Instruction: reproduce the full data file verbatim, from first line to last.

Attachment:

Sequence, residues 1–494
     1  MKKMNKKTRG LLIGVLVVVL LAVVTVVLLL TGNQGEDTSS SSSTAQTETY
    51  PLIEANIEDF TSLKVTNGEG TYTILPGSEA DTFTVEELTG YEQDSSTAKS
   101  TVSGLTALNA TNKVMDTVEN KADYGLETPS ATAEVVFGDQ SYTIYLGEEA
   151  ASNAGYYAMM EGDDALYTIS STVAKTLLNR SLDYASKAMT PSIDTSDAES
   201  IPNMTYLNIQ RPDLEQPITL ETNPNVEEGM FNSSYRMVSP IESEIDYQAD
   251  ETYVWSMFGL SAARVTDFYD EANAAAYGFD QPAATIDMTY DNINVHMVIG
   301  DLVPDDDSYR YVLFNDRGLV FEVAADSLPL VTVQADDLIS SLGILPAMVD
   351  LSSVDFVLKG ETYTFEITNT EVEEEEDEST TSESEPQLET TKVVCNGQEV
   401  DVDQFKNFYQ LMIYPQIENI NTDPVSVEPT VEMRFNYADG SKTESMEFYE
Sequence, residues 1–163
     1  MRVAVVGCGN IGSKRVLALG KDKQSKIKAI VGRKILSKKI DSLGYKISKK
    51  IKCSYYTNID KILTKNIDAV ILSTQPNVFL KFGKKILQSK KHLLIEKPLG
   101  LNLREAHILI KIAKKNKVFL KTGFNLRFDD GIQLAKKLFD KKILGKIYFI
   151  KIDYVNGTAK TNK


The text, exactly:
Sequence, residues 1–494
     1  MKKMNKKTRG LLIGVLVVVL LAVVTVVLLL TGNQGEDTSS SSSTAQTETY
    51  PLIEANIEDF TSLKVTNGEG TYTILPGSEA DTFTVEELTG YEQDSSTAKS
   101  TVSGLTALNA TNKVMDTVEN KADYGLETPS ATAEVVFGDQ SYTIYLGEEA
   151  ASNAGYYAMM EGDDALYTIS STVAKTLLNR SLDYASKAMT PSIDTSDAES
   201  IPNMTYLNIQ RPDLEQPITL ETNPNVEEGM FNSSYRMVSP IESEIDYQAD
   251  ETYVWSMFGL SAARVTDFYD EANAAAYGFD QPAATIDMTY DNINVHMVIG
   301  DLVPDDDSYR YVLFNDRGLV FEVAADSLPL VTVQADDLIS SLGILPAMVD
   351  LSSVDFVLKG ETYTFEITNT EVEEEEDEST TSESEPQLET TKVVCNGQEV
   401  DVDQFKNFYQ LMIYPQIENI NTDPVSVEPT VEMRFNYADG SKTESMEFYE
Sequence, residues 1–163
     1  MRVAVVGCGN IGSKRVLALG KDKQSKIKAI VGRKILSKKI DSLGYKISKK
    51  IKCSYYTNID KILTKNIDAV ILSTQPNVFL KFGKKILQSK KHLLIEKPLG
   101  LNLREAHILI KIAKKNKVFL KTGFNLRFDD GIQLAKKLFD KKILGKIYFI
   151  KIDYVNGTAK TNK